Ground for Appeal

The grounds upon which the GCA bases its appeal are briefly outlined below. A more detailed analysis of each of these points follows.

• Inherent inaccuracies in the methodology employed by Customs in calculating Jiamusi’s Normal Value Determination have led to an affirmative dumping conclusion in this case.

• Even if Customs’ finding of a 5-10% dumping margin with respect to Jiamusi was substantiated, Nufarm could not have experienced material damage from imports of this origin due to an existing 5% tariff and additional transport and selling costs when compared to domestically produced 2,4-D.

• Countervailing measures imposed appear not to reflect the fact that any material damage demonstrated by Nufarm has occurred from the presence of both dumped and non-dumped imports in the Australian market place.

1. Normal Value Determination The GCA appreciates the difficulties Customs faces when investigating complex international business arrangements in countries with ‘economies in transition’ such as China. However, it is clear that the assumptions employed by Customs (in the absence of data acceptable to Customs) in the calculation of the Chinese (Jiamusi) Normal Value have greatly influenced the final outcome of this investigation, resulting in a wholly indefensible dumping determination. The GCA understands that the Normal Value of goods is usually based upon the price paid for like goods sold in the domestic market of the country of export. These domestic sales must be at arms length and in the ordinary course of trade for the domestic price to be accepted as Normal Value. If information concerning suitable domestic sales is not available, Customs may use alternative (less accurate) methods to calculate the Normal Value such as:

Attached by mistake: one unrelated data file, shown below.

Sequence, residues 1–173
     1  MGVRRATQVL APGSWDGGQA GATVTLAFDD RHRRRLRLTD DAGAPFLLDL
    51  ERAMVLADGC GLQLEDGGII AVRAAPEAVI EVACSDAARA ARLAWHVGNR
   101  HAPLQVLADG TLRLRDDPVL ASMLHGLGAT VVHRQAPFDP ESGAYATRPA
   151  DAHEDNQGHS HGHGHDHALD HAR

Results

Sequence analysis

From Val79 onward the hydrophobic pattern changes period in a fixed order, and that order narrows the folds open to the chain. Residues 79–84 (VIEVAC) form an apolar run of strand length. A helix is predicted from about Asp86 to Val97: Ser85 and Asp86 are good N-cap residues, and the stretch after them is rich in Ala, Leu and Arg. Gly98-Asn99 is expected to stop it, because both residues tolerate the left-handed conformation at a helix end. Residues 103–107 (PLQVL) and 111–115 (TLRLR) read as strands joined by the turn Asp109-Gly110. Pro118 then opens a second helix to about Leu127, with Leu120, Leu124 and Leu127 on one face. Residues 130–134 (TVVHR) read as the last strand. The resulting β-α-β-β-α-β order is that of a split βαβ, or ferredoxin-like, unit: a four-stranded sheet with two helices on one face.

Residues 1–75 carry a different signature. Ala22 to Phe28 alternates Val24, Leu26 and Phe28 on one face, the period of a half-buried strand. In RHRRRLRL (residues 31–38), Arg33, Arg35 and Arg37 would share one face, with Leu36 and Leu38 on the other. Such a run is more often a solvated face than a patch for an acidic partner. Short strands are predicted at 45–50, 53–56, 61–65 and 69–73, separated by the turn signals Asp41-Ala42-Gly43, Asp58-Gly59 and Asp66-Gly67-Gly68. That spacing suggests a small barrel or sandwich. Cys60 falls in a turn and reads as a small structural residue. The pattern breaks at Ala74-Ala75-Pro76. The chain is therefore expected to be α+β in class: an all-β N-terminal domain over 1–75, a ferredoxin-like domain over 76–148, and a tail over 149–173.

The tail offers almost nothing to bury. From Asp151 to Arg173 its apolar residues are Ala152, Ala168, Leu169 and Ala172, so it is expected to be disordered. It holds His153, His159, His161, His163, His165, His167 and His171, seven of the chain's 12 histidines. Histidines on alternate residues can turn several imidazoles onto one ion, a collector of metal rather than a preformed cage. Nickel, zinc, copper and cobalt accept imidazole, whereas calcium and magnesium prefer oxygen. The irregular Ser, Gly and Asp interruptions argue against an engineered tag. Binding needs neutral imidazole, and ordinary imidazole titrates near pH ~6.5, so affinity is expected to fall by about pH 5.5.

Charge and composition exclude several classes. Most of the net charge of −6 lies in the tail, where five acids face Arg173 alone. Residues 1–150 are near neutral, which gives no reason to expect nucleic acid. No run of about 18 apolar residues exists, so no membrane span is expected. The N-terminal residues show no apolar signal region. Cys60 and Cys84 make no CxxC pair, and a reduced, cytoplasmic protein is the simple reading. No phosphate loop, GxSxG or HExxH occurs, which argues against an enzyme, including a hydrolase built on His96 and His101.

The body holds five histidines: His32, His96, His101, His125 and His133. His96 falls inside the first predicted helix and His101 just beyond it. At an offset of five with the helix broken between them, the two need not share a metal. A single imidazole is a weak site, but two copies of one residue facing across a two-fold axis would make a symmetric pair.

• A representative price for like goods exported to an appropriate third country.

• The cost to make and sell the exported goods.

However, as Customs has elected to disregard important information provided by Jaimusi, none of the methods presented above were subsequently utilised. As a result of this decision, Customs has resorted to a ‘third tier’ approach in order to establish any sort of Chinese Normal Value. This process appears to have involved basing the undetermined Chinese Normal Value on the Normal Value of like goods sold in a surrogate country (India) in the ordinary course of trade and at arms length. The Grains Council contends that this ‘educated guess work’ is inherently inaccurate and thus incorporates significant potential for the true Chinese Normal Value to be misrepresented. In support of the utilisation of this method, Customs has asserted that the economies of India and China are directly comparable. However, the GCA disputes any comparison between the ‘transitional Chinese 2,4-D market and the Indian 2,4-D market in the absence of documentary evidence upon which to base this assumption. Even the proponent (Nufarm), in their initial application for dumping duties to be imposed, has provided prima facie evidence to Customs (Table 1) indicating that there is likely to be quite a large difference between the true Indian Normal Value and the true Chinese Normal Value.

 

Indian ​$A/kg

China $A/kg

% Difference

Ester

$13.70

$4.99

64

Acid

$13.64

$6.13

 

55

 

Table 1 Prima Facie normal values presented by Nufarm.